Guest column: Immigration policy should serve the needs of the nation


A September opinion column by Edgar Allen Beem strongly advocated for granting citizenship to Deferred Action for Childhood Arrival (DACA) recipients, referred to in the article as “Dreamers” (“Dreamers are Americans,” Sept. 15, 2017).

While we understand they were brought here, some as children – some as teenagers – granting them citizenship, as suggested, or even continued legal presence with subsequent recommendations for amnesty, is ill-considered, and would be an unacceptable endorsement of former President Obama’s unconstitutional and illegal granting of deferred deportation.

What makes it doubly troubling is to ignore the urgent need to fix the problems of our out-of-control immigration system: our borders leak like a sieve; hundreds of thousands of aliens overstay nonimmigrant (temporary) visas annually; fraud and abuse is rampant up and down the list of non-immigrant (temporary) visas; processing of overseas applications is backed up.

On this last issue – overseas applications – Jessica Vaughan of the Center for Immigration Studies reported in 2015 there were 4.4 million on waiting lists for green cards, and the waiting time is from 19 months to 33 years in the family and employee application categories (“Waiting List for Legal Immigrant Visas Keeps Growing,” Center for Immigration Studies, April 16, 2015).

As to granting amnesties, Matthew J. O’Brien, a former USCIS employee says: “USCIS has bungled everything from the implementation of online applications to vetting DACA applicants. There is every reason to believe that it lacks the personnel and infrastructure to properly administer any future amnesties.” (“Backlog of citizenship applications raises questions about handling of mass amnesty,” Washington Times, Oct. 12, 2017).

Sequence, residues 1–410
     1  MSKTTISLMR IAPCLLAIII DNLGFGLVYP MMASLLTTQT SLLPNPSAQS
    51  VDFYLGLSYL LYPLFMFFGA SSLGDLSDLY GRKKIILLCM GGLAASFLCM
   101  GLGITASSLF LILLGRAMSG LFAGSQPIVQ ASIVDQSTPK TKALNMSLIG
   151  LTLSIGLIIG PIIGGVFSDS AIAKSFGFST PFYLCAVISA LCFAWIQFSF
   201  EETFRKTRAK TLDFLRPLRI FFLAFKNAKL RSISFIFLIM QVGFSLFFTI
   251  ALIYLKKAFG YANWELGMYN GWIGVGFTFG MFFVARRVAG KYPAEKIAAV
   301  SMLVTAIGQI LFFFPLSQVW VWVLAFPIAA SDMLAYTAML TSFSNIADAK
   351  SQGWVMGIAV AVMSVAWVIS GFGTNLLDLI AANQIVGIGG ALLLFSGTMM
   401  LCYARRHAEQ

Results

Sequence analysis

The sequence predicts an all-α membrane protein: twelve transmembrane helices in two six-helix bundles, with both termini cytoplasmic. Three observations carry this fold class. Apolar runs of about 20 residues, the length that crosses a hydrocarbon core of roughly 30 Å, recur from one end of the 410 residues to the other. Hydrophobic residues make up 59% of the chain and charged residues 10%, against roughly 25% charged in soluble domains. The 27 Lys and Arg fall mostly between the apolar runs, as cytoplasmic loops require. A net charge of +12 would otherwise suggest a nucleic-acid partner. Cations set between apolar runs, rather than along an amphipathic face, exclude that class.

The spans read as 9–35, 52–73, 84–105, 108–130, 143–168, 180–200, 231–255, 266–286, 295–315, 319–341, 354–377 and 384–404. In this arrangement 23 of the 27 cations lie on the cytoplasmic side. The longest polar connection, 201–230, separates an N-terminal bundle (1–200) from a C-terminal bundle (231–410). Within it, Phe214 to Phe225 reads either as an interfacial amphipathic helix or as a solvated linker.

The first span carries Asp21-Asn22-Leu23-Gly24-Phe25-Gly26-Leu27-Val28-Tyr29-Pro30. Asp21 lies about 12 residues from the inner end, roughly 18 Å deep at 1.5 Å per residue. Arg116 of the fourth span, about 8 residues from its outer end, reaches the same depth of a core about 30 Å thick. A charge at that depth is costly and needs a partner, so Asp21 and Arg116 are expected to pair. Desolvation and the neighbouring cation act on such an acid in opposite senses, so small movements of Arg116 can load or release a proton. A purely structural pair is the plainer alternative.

Why should DACA recipients receive “red carpet” treatment while there are millions waiting overseas who have undergone a much more thorough screening process? Why should they get pushed to the back of the line?

Besides, DACA recipients are hardly the model “citizens” depicted in the article. The Washington Free Beacon reported on Oct. 13, 2017, of two DACA recipients arrested by the Border Patrol for attempting to smuggle illegal aliens into the country. Additionally, a Sept. 5, 2017, Breitbart News report referenced a list they had of 50 of 2,138 DACA recipients who “have had their temporary protected status revoked due to crimes.”

It should be remembered they are now in the 20s and 30s and, as most illegal immigrants are working this means, prior to receiving deferred status, they had obtained jobs either by using false Social Security numbers, or working “under the table,” both felonies. These are hardly the “law-abiding people who are de facto Americans” asserted in the article.

What we should be focusing on is a positive effort to rationalize our immigration as contained in a major piece of legislation called the RAISE ACT, or Reforming American Immigration for Strong Employment Act (S. 1720), filed by U.S. Senator Tom Cotton, and endorsed by President Trump.

This legislation would eliminate the Diversity Visa Program; put limits on the number of refugees admitted each year; reduce the number of family-sponsored immigrants, and create a points system for issuing green cards to overseas applicants.

This latter, the points system, is used by other countries, including Canada, and assigns points according to level of education; age of the applicant; English language proficiency, and the salary offer the applicant has received.

A nation’s immigration policy should serve the needs of the nation, and this is what the point system does. The refugee system is still in place, plus the family sponsored category at a reduced level, and the focus is where it should be, on the needs of the nation, which is what the RAISE Act does.

Bob Casimiro is a Bridgton resident and is executive director of Mainers for Responsible Immigration.